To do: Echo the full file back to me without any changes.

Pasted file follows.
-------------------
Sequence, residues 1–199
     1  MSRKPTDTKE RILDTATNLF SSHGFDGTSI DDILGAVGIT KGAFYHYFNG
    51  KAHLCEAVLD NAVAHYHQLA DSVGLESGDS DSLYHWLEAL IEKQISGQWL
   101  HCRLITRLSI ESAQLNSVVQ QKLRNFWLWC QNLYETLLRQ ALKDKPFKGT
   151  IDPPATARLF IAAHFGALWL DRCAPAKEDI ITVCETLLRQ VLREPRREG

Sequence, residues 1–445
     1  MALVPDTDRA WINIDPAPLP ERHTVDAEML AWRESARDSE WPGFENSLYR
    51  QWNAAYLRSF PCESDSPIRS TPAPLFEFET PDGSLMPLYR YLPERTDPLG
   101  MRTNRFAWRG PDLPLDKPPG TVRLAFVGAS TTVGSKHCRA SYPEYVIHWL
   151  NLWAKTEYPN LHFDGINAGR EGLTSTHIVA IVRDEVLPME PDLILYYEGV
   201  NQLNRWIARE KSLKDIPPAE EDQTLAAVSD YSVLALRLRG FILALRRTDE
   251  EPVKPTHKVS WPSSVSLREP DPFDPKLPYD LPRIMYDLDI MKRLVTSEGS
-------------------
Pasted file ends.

Sequence, residues 1–199
     1  MSRKPTDTKE RILDTATNLF SSHGFDGTSI DDILGAVGIT KGAFYHYFNG
    51  KAHLCEAVLD NAVAHYHQLA DSVGLESGDS DSLYHWLEAL IEKQISGQWL
   101  HCRLITRLSI ESAQLNSVVQ QKLRNFWLWC QNLYETLLRQ ALKDKPFKGT
   151  IDPPATARLF IAAHFGALWL DRCAPAKEDI ITVCETLLRQ VLREPRREG

Sequence, residues 1–445
     1  MALVPDTDRA WINIDPAPLP ERHTVDAEML AWRESARDSE WPGFENSLYR
    51  QWNAAYLRSF PCESDSPIRS TPAPLFEFET PDGSLMPLYR YLPERTDPLG
   101  MRTNRFAWRG PDLPLDKPPG TVRLAFVGAS TTVGSKHCRA SYPEYVIHWL
   151  NLWAKTEYPN LHFDGINAGR EGLTSTHIVA IVRDEVLPME PDLILYYEGV
   201  NQLNRWIARE KSLKDIPPAE EDQTLAAVSD YSVLALRLRG FILALRRTDE
   251  EPVKPTHKVS WPSSVSLREP DPFDPKLPYD LPRIMYDLDI MKRLVTSEGS